I’m painfully aware that because I have a deserved reputation for taking a “no nonsense” approach to discipline, I am generally expected to always take the parent side of any parent-child conflict. When I don’t satisfy that expectation, the parents in question tend to become confused and even bent out of shape.
In this regard, several simple facts are worth repeating: First, consequences are generally overused. They will not solve every discipline issue and sometimes make things worse. Second, parents are not always right. Is that so hard to fathom? Third, when determining how to deal with misbehavior, the child’s age and history are important factors to be considered.
Case in point: A nearly 18-year-old girl’s parents tell her that body piercings are not acceptable as long as she lives under their roof. She goes ahead and gets her navel pierced and then attempts, unsuccessfully, to hide it from the piercing police. When her abomination is discovered, they make her remove it, begin monitoring her navel, take away all of her freedoms including phone privileges, and confiscate the keys to a car she had purchased from them after obtaining a bank loan.
The young lady responded by displaying what the parents describe as a “snotty” attitude and retreating to her room. In turn, they told her that if she was going to run to her room instead of “facing the music,” they would make her room off-limits as well. “What else can they do?” they ask.
I told them they’re making a mountain out of a molehill, which indicates that they are having difficulty negotiating their daughter’s transition into adulthood. As it stands, they’re in danger of going to war with an otherwise responsible 17-year-old over something that when the big picture is considered, no big deal. (And by the way, I detest body piercings. They’re stupid, pointless and self-disrespectful.)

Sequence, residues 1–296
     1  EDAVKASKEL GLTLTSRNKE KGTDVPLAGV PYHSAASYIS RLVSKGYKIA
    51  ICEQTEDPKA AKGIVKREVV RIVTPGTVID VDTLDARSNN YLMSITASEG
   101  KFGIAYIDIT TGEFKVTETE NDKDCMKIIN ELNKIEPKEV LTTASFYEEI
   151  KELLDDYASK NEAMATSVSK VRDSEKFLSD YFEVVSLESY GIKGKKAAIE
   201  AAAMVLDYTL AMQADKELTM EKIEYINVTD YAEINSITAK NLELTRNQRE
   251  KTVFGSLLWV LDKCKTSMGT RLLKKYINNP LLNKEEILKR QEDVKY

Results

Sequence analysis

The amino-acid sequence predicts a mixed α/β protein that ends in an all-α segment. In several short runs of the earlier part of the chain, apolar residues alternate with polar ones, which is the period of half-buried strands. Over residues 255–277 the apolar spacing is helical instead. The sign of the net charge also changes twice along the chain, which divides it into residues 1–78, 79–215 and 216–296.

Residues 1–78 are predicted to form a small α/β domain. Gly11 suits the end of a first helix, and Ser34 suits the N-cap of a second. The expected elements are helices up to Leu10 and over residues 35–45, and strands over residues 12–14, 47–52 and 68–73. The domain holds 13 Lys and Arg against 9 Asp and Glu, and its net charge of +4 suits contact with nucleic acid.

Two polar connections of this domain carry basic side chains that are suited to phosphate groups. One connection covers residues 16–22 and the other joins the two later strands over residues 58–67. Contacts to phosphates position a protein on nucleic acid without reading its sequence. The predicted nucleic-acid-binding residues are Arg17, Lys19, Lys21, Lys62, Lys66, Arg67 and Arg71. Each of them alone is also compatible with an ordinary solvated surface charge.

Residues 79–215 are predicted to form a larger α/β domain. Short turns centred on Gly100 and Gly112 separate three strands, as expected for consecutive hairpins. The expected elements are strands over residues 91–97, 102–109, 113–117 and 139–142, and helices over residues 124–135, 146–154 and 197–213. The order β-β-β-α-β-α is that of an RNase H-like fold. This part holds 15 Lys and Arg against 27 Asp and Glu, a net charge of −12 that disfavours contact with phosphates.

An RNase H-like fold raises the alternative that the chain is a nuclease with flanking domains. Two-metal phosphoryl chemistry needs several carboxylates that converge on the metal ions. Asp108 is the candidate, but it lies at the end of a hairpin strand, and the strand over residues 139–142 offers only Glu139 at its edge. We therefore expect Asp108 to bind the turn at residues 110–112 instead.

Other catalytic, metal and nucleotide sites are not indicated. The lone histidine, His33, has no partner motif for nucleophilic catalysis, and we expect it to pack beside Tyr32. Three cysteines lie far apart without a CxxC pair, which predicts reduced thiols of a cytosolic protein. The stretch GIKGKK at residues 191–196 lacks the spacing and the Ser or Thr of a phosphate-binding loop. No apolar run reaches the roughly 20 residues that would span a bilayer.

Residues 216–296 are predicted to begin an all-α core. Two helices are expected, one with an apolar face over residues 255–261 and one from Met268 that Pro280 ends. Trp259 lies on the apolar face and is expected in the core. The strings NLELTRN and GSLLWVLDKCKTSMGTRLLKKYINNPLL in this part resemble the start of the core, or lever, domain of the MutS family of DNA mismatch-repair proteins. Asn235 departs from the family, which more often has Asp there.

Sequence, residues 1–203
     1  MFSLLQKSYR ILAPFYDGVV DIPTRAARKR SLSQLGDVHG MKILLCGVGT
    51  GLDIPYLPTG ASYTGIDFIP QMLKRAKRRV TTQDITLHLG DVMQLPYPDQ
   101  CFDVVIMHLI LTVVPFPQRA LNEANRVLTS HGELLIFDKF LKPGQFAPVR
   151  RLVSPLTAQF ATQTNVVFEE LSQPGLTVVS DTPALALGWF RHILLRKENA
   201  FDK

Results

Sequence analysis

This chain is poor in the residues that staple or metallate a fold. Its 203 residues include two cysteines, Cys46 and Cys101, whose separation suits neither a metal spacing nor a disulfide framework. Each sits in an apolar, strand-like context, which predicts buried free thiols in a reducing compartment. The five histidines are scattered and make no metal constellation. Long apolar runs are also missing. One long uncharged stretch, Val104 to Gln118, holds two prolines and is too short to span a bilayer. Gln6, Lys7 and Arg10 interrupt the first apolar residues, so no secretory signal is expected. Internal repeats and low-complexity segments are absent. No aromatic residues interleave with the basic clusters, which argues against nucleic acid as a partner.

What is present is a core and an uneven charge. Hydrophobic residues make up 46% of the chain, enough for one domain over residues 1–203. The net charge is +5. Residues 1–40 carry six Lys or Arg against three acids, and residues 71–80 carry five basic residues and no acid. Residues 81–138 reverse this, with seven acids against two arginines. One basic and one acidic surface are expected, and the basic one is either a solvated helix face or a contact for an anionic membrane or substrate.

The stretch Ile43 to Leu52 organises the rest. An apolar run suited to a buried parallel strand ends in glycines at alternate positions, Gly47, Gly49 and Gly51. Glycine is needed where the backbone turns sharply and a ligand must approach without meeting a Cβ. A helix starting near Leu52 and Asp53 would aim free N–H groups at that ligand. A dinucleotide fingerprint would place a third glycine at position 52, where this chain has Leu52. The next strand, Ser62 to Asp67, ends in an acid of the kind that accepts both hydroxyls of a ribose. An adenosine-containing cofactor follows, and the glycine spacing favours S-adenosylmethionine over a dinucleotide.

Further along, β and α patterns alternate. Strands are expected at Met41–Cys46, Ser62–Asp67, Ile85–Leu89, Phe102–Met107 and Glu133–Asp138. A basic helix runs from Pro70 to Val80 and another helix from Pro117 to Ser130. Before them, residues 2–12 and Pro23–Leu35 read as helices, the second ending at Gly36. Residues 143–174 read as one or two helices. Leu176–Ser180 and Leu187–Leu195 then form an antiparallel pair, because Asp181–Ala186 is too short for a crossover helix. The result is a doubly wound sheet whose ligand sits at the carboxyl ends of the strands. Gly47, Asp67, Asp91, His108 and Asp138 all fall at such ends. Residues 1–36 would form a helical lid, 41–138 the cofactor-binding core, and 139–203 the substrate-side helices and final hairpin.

I advised that they sit down with their daughter and say, “Look, we over-reacted to the hole in your navel, but there was a rule, and you violated it. The fact is, when you don’t like a rule, the very worst thing you can do is defiantly violate it. That just makes people mad, as you discovered. If you don’t like a rule, if you don’t think it’s fair, go to the person who made the rule and try and renegotiate it. In other words, when you’re ready to try and renegotiate the holes-in-your-body rule, we’re ready to talk.”
They wrote me back, expressing confusion, telling me that my advice to them was not consistent with previous public statements I’ve made on the subject of discipline. Actually, the only inconsistency was between the parents’ expectation of me and my advice.
These very well-intentioned folks responded to their daughter’s transgression as if she was a 12-year-old with a history of rebelliousness instead of a 17-year-old with a job and a history of responsible behavior. In this context, her “snotty” response, however counterproductive, is understandable.
Winning a war requires the courage to lose the occasional battle.
Rosemond, a family psychologist, answers questions at his Web site: www.rosemond.com.